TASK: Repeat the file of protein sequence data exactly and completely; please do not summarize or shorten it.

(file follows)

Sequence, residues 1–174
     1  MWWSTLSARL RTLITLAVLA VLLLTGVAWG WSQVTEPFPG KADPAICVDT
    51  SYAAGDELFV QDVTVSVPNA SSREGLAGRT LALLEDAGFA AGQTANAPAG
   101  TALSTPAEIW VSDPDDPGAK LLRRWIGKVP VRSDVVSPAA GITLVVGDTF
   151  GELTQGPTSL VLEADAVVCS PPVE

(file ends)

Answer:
Sequence, residues 1–174
     1  MWWSTLSARL RTLITLAVLA VLLLTGVAWG WSQVTEPFPG KADPAICVDT
    51  SYAAGDELFV QDVTVSVPNA SSREGLAGRT LALLEDAGFA AGQTANAPAG
   101  TALSTPAEIW VSDPDDPGAK LLRRWIGKVP VRSDVVSPAA GITLVVGDTF
   151  GELTQGPTSL VLEADAVVCS PPVE